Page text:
D&D Miniatures is a miniatures wargame put out by Wizards of the Coast that is set in their Dungeons and Dragons universe, although not in any one particular world. The game is sold in little box sets that each contain a variety of miniatures. Several different starter sets have also been made and those starter sets also contain the rules to the game itself. The hardcover Dungeons and Dragons book entitled "Miniatures Handbook" also contains the complete miniatures rules, although those rules are now out of date, as they have changed somewhat since the release of that book.
Wizards of the Coast has always been big on selling their products in ways that cause people to spend a whole lot of money on them, and the D&D Miniatures game is a prime example of this. The figures (which are plastic), come in sets of eight, and have been priced in the $9-$13 range. There have also been a few sets that contained 8 normal figures and one very large one, and those sets were priced at $20 per set.
They want to make you buy a lot of these things, so each box of miniatures contains four "Common" figures, three "Uncommon" figures and one "Rare" figure. Most of the sets of figures have contained 24 different "Rare" figures, so that means you are buying at least 24 boxes of these figures just to complete a single set of them, and there have already been 12 sets of them. That means thousands of dollars spent on what amounts to a few pounds of plastic.
These miniatures are also very popular for use with the Dungeons and Dragons roleplaying game. In fact most of the people that purchase them purchase them for exactly that reason. This is rather unfortunate because the contents of the various sets are absolutely horrible for playing Dungeons and Dragons. Using miniatures with Dungeons and Dragons essentially means that you need a dozen or two dozen figures representing men, dwarves, elves, halflings and such, and then about a million figures representing monsters. The D&D Miniatures boxes are very, very, very heavily stacked towards men, dwarves, elves, and humanoids but with very few actual monsters, and what monsters are in the sets are often oddball monsters that get almost no use in play. If you buy a lot of boxes of these figures you will end up with vast hoardes of useless men, dwarves, elves, a smaller selection of kobolds, goblins, and orcs (many of which will be in identical poses) and you won't even begin to have a decent selection of actual monster figures. Your collection might have seventy dwarves in it, but you would be lucky to have a single rust monster, and seventy dwarves are neither useful for Dungeons and Dragons or D&D Miniatures because neither set of rules properly scales to that many figures on the table.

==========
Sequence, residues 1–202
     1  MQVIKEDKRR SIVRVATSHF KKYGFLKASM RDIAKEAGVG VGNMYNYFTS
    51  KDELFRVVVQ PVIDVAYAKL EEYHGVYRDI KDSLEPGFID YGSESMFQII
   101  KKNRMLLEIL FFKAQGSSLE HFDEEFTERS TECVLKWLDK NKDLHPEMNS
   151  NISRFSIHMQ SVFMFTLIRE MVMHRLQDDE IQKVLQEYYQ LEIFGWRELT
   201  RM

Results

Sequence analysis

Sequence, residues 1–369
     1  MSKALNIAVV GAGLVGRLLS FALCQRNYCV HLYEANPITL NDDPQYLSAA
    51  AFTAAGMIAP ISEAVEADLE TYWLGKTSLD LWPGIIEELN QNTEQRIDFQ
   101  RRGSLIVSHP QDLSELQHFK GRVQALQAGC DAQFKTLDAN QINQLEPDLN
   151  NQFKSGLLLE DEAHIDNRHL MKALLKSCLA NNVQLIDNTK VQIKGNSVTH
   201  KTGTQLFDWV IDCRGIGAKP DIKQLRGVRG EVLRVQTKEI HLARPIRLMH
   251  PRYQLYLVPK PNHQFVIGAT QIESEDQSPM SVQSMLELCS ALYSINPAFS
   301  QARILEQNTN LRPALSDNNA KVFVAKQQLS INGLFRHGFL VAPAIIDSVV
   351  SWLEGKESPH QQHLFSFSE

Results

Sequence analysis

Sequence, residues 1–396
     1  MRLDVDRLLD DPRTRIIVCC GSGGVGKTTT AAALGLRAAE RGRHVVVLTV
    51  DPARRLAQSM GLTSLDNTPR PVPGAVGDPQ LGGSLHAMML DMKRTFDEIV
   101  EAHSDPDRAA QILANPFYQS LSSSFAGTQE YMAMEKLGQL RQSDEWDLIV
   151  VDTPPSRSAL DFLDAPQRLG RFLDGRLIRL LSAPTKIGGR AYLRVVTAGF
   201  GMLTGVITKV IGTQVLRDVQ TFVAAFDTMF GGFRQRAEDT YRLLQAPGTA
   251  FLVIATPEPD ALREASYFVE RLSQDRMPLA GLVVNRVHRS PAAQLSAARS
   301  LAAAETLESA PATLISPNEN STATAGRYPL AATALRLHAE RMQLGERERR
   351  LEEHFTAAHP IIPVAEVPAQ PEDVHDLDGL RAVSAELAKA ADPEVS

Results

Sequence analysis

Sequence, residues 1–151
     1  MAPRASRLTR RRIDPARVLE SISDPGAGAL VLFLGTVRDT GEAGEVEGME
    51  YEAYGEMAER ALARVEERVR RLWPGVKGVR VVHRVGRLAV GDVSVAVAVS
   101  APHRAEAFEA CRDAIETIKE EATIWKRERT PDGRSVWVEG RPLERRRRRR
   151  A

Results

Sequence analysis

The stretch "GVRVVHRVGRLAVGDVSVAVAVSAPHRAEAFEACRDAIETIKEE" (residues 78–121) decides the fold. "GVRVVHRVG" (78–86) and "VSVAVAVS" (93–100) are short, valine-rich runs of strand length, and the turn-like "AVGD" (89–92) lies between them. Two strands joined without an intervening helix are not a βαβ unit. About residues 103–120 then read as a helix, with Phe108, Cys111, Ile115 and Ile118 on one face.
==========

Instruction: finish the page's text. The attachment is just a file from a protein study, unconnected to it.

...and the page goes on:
If you simply play Dungeons and Dragons as a player, then a few boxes of these figures can keep you in character figures for a long time (and you can usually trade away the few monsters and bad guys in your boxes to your friends for more good guy figures). But if you are a game master wanting to use miniatures then you will find that you quickly end up with a very expensive miniatures collection that is so overwhelmingly full of humanoids, and you will still be missing most of the classic monsters and likely won't be able to properly field many encounters. If you are a gamemaster then I suggest actually going on eBay and spending a few bucks buying the common and uncommon figures from the recent sets (you can usually purchase all the common and uncommon figures from any given set in a single auction from many sellers, for almost no money), as those will give you all the bulk humanoids you need. As for monsters, you are better off buying metal monster miniatures from Reaper Miniatures, not only do they look better, it actually winds up being a lot cheaper that way.